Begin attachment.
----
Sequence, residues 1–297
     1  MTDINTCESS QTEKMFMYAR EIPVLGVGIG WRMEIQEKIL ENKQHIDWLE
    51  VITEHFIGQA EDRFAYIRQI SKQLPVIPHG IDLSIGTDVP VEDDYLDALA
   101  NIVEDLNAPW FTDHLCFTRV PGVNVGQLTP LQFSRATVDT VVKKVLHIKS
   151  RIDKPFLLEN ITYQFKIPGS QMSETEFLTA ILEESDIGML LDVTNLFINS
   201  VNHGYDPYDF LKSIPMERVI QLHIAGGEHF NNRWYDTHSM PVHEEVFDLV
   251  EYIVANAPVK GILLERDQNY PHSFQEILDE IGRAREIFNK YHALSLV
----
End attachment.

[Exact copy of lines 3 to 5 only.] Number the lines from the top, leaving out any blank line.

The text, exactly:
    51  VITEHFIGQA EDRFAYIRQI SKQLPVIPHG IDLSIGTDVP VEDDYLDALA
   101  NIVEDLNAPW FTDHLCFTRV PGVNVGQLTP LQFSRATVDT VVKKVLHIKS
   151  RIDKPFLLEN ITYQFKIPGS QMSETEFLTA ILEESDIGML LDVTNLFINS